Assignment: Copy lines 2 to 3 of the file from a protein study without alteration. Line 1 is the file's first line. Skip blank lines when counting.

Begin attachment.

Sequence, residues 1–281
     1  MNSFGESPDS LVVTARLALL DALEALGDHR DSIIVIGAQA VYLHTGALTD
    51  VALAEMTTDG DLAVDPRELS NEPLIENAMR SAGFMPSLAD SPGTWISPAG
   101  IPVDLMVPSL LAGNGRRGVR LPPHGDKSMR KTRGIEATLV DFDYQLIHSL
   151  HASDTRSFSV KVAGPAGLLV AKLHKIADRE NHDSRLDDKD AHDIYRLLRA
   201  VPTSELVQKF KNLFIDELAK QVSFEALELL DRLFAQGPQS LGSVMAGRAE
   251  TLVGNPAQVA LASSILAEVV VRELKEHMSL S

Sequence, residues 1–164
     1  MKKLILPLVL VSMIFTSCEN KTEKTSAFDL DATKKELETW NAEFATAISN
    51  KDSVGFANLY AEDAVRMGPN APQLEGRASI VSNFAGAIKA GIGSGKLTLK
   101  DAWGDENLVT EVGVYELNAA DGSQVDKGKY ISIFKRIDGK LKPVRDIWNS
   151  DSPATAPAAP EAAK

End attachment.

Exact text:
     1  MNSFGESPDS LVVTARLALL DALEALGDHR DSIIVIGAQA VYLHTGALTD
    51  VALAEMTTDG DLAVDPRELS NEPLIENAMR SAGFMPSLAD SPGTWISPAG